The country had procured a record 22.95 million tonnes of pulses in 2016-17 crop year due to good monsoon. Worried after two straight years of drought that shrunk the crop, India ran to build a buffer stock through domestic purchases and imports in its effort to control sky-rocketing prices of pulses that could harm the government politically and the population financially. It is now being forced to sell the stocks, some of which can get spoilt if not used. Moreover, plans for disposal of another 10 lakh tonnes through government agencies, open market sale and at subsidised rates to states have been planned. The government has also allowed export of Arhar and Urad. Although some quantity has been sold to traders through auction, the sale has not picked up. The food ministry is trying other means to clear the stock, and is in talks with welfare organisations and cooperatives to sell the stock. It signed up long-term deals with certain countries and put together stocks of 20 million tonnes of pulses, a move that is now coming back to bite as farmers are beginning to complain about lower prices. The buffer stock of pulses and the fall in the minimum support price have discouraged farmers as they have grown pulses in less area during the ongoing kharif season of the 2017-18 crop year. However, to ensure better prices for farmers, the government has recently lifted ban on export of tur, urad and and moong dals.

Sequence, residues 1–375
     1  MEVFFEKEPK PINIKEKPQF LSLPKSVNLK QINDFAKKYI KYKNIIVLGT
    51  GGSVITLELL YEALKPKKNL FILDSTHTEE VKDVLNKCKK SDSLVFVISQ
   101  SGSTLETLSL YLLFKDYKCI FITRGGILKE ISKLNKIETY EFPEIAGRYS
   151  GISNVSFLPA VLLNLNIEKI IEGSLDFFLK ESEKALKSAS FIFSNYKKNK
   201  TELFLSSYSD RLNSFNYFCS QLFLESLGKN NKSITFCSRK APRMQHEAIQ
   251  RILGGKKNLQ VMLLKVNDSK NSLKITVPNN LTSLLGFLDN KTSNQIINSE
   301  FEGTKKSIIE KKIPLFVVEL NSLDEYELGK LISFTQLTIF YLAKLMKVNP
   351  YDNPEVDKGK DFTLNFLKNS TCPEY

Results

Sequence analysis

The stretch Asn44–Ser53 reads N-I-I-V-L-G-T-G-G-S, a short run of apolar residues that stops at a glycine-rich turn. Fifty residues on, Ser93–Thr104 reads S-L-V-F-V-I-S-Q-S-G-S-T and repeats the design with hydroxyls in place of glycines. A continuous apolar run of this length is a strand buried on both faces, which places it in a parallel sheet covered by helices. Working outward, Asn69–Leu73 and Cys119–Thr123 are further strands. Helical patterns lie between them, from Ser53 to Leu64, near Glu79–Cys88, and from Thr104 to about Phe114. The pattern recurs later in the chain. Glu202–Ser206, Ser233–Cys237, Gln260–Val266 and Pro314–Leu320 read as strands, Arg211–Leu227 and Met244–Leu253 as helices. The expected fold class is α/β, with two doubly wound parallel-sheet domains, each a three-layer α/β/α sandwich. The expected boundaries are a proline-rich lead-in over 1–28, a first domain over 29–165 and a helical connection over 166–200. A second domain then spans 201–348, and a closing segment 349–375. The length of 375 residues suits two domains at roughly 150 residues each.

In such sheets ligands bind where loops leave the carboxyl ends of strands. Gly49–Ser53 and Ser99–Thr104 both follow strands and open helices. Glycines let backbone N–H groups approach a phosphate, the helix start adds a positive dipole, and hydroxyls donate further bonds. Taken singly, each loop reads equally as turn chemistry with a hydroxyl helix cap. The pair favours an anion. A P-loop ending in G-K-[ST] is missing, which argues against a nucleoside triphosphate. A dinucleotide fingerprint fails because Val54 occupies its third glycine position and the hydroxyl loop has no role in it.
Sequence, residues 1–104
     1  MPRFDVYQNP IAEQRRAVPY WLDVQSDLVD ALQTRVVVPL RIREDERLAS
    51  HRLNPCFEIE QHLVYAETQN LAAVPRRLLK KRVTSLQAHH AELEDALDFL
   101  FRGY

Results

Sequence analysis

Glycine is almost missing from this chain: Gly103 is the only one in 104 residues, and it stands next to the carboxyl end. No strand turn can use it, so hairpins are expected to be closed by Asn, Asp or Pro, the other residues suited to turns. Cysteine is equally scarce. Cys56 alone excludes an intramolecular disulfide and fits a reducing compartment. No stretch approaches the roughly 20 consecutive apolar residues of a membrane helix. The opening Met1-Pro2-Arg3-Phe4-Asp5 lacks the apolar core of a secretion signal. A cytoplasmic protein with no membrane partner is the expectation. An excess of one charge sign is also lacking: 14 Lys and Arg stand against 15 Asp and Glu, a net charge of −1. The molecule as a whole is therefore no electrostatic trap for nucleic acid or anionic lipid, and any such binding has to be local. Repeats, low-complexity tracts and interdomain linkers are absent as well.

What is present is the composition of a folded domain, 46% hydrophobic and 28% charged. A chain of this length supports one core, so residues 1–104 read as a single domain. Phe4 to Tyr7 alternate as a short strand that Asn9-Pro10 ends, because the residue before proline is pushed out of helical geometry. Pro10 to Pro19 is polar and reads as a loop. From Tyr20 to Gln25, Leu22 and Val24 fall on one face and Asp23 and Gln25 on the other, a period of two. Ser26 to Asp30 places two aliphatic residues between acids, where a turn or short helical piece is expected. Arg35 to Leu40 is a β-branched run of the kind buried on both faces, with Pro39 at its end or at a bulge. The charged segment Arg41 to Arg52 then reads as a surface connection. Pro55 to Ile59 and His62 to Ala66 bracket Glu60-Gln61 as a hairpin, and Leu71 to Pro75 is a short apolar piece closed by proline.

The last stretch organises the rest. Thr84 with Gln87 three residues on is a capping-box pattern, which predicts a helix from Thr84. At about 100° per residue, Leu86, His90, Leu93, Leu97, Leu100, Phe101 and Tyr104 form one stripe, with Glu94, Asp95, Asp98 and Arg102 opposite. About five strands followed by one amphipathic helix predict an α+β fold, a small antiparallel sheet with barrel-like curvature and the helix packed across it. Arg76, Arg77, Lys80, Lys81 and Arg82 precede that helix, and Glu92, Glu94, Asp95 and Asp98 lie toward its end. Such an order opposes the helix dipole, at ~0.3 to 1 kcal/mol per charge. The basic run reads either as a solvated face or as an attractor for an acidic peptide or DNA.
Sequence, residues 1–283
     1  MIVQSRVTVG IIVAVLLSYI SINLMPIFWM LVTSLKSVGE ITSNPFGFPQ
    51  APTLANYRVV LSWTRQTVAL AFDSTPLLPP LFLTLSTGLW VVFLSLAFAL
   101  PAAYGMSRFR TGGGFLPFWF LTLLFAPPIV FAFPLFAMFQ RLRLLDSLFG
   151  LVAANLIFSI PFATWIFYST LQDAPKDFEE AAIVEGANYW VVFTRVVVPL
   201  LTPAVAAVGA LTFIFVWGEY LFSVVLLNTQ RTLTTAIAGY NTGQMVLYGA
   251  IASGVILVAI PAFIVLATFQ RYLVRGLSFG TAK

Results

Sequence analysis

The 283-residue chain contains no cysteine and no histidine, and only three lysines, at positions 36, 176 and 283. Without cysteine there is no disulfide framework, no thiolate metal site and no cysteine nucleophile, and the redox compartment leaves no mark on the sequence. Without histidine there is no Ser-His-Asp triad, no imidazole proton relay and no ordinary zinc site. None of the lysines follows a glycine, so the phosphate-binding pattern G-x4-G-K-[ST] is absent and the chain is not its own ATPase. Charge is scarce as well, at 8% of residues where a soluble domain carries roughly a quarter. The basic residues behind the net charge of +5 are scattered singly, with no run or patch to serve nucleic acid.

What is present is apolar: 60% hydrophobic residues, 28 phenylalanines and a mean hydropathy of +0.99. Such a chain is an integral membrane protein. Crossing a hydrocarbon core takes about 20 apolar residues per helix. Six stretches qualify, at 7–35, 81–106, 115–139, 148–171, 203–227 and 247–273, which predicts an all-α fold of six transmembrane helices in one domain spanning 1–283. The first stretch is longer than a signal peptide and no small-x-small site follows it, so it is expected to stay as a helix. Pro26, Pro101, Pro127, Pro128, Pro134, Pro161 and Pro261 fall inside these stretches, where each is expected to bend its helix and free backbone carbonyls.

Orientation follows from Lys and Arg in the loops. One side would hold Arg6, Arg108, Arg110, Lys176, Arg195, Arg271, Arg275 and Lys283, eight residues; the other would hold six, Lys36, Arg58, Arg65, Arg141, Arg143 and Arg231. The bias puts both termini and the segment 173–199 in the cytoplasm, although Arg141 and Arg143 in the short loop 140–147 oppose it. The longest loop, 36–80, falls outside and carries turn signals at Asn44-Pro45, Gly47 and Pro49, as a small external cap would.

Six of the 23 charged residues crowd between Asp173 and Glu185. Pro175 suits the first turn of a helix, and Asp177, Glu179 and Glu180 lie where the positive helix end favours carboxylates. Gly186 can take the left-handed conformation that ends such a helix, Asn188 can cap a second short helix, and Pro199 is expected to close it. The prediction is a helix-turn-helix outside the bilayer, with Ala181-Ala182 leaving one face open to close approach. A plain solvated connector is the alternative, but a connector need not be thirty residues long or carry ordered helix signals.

Krishi Jagran Delhi